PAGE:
Attempting to work with text analysis and computers in general is first and foremost an issue is primarily a challenge of learning a new language. Even if I had a mastery of the theory behind analyzing texts at such a large scale (which I don’t), the chasm between knowing what I wanted to use the R program for and finding the appropriate combination of commands, symbols, and terms remained deep and difficult to navigate. Though the Jockers piece generally provided instructions in manageable portions, there were moments where I was unable to even come up with an idea for a first step in accomplishing the practice problems. While I didn’t have any issues with step three (again, the steps were outlined and examples were given of the proper code to write), I struggled mightily to get the Sense and Sensibility graph to look anything like the one provided in the solutions. I even went so far as to type out each line individually from the solutions sheet and was only able to achieve the graph that I posted on the box website (hint: it’s still wrong). This brings be back to the issue of language: though I thought that I was copying the correct commands in order, the end result still wasn’t consistent with what I thought that it should have been. Without any prior experience working with such tools, and with my only guidance being found in the solutions sheet that I was attempting to copy, I felt that I had clearly made a mistake at some point but I had no idea how to locate and rectify it. Working with a different medium often can be disorienting in a manner that transcends the simple confusion that accompanies learning new materials and methods.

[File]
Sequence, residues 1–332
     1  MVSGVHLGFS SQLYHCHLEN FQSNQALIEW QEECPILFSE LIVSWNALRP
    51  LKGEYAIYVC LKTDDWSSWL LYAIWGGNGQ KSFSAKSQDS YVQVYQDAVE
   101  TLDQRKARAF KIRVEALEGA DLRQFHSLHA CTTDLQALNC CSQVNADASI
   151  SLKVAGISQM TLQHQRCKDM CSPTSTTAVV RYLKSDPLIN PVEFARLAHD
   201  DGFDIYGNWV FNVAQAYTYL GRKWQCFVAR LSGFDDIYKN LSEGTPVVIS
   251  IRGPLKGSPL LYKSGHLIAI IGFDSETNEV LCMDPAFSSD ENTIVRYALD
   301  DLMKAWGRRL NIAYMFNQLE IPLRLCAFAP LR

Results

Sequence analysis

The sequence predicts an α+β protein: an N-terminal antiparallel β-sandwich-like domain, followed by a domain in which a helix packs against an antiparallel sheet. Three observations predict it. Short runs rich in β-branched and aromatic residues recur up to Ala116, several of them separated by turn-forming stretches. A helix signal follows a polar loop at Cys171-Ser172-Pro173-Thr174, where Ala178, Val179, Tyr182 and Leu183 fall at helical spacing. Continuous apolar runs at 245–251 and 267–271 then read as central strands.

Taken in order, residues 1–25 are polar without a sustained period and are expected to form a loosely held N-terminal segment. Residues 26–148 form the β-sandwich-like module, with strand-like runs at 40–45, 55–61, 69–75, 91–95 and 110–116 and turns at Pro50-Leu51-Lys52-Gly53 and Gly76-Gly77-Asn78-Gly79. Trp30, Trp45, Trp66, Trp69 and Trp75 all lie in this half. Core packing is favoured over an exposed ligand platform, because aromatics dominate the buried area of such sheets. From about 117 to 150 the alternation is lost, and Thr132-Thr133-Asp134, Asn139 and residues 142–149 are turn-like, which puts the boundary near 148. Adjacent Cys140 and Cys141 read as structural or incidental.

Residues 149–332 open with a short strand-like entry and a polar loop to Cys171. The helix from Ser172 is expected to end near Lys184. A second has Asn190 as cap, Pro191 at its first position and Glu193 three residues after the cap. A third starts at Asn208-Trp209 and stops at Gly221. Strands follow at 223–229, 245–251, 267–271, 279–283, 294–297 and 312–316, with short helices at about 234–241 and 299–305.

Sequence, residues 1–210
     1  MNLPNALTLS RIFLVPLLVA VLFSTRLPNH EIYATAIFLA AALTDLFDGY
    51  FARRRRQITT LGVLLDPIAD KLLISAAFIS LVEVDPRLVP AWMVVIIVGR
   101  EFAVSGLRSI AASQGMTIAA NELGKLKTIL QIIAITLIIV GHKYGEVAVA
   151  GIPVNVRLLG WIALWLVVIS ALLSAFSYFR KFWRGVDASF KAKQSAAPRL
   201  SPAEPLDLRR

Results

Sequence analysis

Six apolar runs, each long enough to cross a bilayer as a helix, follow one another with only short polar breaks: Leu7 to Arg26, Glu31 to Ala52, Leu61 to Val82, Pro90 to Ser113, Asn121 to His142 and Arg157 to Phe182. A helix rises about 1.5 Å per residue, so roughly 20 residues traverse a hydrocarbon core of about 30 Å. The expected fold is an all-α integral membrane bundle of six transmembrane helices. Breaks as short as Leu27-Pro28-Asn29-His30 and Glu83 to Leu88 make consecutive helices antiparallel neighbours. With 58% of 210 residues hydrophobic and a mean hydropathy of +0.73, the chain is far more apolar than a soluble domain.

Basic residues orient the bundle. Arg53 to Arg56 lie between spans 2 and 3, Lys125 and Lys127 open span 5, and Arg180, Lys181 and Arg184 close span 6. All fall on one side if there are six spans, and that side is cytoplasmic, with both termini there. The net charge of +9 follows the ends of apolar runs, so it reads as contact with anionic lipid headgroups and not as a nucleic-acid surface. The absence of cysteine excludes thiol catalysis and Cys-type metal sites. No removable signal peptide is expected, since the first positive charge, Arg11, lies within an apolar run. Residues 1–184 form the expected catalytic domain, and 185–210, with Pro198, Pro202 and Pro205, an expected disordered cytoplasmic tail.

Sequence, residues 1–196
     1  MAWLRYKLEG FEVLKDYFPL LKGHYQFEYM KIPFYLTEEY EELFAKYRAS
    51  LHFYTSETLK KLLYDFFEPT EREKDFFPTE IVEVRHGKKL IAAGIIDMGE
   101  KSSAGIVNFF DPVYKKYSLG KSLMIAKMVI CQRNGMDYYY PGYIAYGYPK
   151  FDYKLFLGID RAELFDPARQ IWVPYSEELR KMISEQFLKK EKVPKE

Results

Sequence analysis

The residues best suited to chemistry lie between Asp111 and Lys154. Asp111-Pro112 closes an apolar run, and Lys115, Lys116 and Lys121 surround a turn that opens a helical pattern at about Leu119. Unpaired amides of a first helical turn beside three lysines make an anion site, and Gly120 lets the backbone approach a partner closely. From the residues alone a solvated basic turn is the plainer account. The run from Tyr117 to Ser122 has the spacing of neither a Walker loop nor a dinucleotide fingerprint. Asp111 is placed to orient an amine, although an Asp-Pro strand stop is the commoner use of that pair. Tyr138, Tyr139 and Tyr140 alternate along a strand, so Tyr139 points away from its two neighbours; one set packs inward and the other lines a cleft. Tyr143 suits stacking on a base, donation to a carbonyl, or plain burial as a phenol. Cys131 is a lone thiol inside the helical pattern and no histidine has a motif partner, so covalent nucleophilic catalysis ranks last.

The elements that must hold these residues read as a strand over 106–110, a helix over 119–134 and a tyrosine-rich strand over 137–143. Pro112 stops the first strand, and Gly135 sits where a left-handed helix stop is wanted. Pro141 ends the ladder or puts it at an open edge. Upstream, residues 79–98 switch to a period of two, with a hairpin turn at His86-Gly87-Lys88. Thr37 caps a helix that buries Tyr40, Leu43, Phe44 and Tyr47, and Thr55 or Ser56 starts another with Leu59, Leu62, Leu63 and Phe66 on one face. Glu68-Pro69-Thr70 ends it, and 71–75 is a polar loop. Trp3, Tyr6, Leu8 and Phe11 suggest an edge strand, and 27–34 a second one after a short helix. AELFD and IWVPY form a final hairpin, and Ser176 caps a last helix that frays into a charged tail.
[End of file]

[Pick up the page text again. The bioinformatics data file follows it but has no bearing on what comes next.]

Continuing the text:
That being said, working with the R program and being able to create graphs that help visualize otherwise abstract concepts was a valuable experience. Being able to determine which words comprise what percentage of a given novel was a feat that otherwise would have been nearly impossible. The changes in scales of analysis can certainly provide a framework for new types of studies and new bodies of knowledge within the humanities that traditional close reading would not be able to uncover on its own. It should be noted, though, that digital text analysis on its own can accomplish nothing in regards to generating knowledge. After embarking on a herculean effort to wrangle a computer into manipulating a text in a certain way, the user is still left with a collection of pictures and numbers of undetermined significance. Clement did an exemplary job of showing how complicated texts can be broken down and reconstituted in a different form, and she went beyond that to show how the challenge of making meaning, drawing conclusions, and utilizing different types of data to form a coherent argument relies heavily on one’s ability to sift through the overwhelming combinations of graphs and codes in order to find what’s relevant and useful. A digital text analysis is only as useful as its interpreter, and the new scales and types of data that the digital humanities can produce are only as useful as their openness to interpretation.